Courtesy of Smithsonian Magazine

1047: Alice Huyler Ramsey

The First Woman to Drive Across the United States from Coast to Coast

Born: 11 November 1886, Hackensack, New Jersey, United States of America

Died: 10 September 1983, Covina, California, United States of America

Alice’s drive was from New York to San Francisco in 1909 (the first male cross-country drive was first completed in 1903). The drive took fifty-nine days and stretched on for 3,800 miles. At the time, Alice was only twenty-two years old. Quite impressive given the time period. Her car itself was described by Smithsonian as being, a dark-green, four-cylinder, 30-horsepower 1909 Maxwell DA, a touring car with two bench seats and a removable pantasote roof.” The car had also been retrofitted to contain a twenty-gallon fuel tank, specifically for the journey.

Even more impressive? The trip was undertaken by Alice and three female friends, alone. This was America’s first all-girl car trip; no boys allowed. To be fair, however, the trip was only made possible by two other men.

Alice’s husband bought Alice the car in the first place because he thought she would be safer driving than riding a horseback around the other cars suddenly on the road—while he himself never learned to drive. After Alice became proficient in driving around her home, she took a ride two hundred miles round trip to Montauk, New York. While there, Alice came across a representative of the automobile manufacturer who had crafted Alice’s vehicle. The man was so impressed with Alice’s ability to drive he offered her an all-expense paid trip across the United States, all she had to do was drive. The goal? Prove Maxwell-Briscoe vehicles were so easy to handle even a woman could traverse the United States behind the wheel of one.

Along for the ride were Alice’s two sisters-in-law, both of whom were in their forties, as well as a sixteen-year-old friend. The women wore helmets and goggles throughout the trip and Alice ensured the other three women all learned the basics of automobile safety before they hit the road.

Because there were few maps available at the time, Alice would often follow telegraph lines in the hopes of finding towns. The book that had been published that supposedly gave directions throughout the eastern half of the United States often gave directions like, “Turn left at the yellow barn,” not taking into account the owner might one day repaint the barn green! Things got so bad at times; Maxwell-Briscoe would have to hire pilot cars with drivers familiar with the area to help Alice navigate her way to the next town.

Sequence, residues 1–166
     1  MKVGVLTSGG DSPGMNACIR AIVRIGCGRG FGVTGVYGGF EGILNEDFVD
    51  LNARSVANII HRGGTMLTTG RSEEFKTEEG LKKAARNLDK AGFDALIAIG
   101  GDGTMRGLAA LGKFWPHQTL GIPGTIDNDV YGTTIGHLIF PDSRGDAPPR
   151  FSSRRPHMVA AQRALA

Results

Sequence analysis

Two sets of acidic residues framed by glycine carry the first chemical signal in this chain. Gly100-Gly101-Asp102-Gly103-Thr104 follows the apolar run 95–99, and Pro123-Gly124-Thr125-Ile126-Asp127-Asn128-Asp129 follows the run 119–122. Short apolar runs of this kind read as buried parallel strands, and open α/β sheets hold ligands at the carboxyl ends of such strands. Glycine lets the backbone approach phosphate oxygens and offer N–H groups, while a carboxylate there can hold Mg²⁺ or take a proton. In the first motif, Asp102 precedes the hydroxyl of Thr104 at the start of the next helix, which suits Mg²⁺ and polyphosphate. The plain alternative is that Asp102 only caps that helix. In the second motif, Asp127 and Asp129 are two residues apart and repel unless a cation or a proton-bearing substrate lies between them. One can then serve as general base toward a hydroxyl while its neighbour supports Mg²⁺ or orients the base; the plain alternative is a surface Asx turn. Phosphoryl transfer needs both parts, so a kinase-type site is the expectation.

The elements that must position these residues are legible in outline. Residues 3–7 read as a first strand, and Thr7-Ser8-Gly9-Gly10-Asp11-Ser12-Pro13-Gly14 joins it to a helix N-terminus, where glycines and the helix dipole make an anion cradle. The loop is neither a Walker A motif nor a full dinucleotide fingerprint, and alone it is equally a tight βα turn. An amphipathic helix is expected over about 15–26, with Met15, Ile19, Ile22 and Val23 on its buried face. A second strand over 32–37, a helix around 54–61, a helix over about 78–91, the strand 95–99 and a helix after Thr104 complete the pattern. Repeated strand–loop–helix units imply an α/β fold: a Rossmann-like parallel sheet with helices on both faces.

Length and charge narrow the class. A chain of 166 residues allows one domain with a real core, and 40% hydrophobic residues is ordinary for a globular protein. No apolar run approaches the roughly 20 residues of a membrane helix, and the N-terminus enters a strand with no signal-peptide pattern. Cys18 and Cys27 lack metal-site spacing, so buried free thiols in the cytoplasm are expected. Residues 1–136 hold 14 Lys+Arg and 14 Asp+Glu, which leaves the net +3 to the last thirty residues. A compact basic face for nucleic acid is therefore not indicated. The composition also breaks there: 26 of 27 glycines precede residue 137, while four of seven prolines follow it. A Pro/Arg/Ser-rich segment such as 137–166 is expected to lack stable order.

The women ate at restaurants but were very happy to accept home cooked meals when someone offered. They stayed in hotels, survived off canned food from general stores when nothing else was available, and kept on driving. Their top speed on the trip? A fantastic forty-two miles per hour.

Along the way, the car suffered from at least one tire blowout (the Automotive Hall of Fame claims there were actually eleven!), a broken engine coil, radiator issues, and they even ran out of gas at one point. Iowa proved particularly troublesome, and it took the women thirteen days to traverse the state’s three-hundred-and-sixty-mile trek of the road. The weather and uneven roads led to the car having to be towed at certain times, but eventually the women made it across. The Maxwell-Briscoe car company would later state the women experienced no trouble along the route, but this obviously wasn’t true.

After completing the historic trip, Alice returned home to her husband and raised two children. Her brush with fame was over, but she did continue to drive. Alice reportedly lost count of how many times she completed the cross-country trip after her thirtieth successful drive.

In 1960, the Automobile Manufacturers Association named Alice the “First Lady of Automotive Travel” for her historic trip. Alice published an account of her drive and went on to complete five of the six routes through the Swiss Alps. She would have covered the sixth too if not for her pacemaker. Alice kept her driver’s license valid until she was ninety-five.

In 2000, Alice was posthumously inducted into the Automotive Hall of Fame; the first woman to claim that honor.

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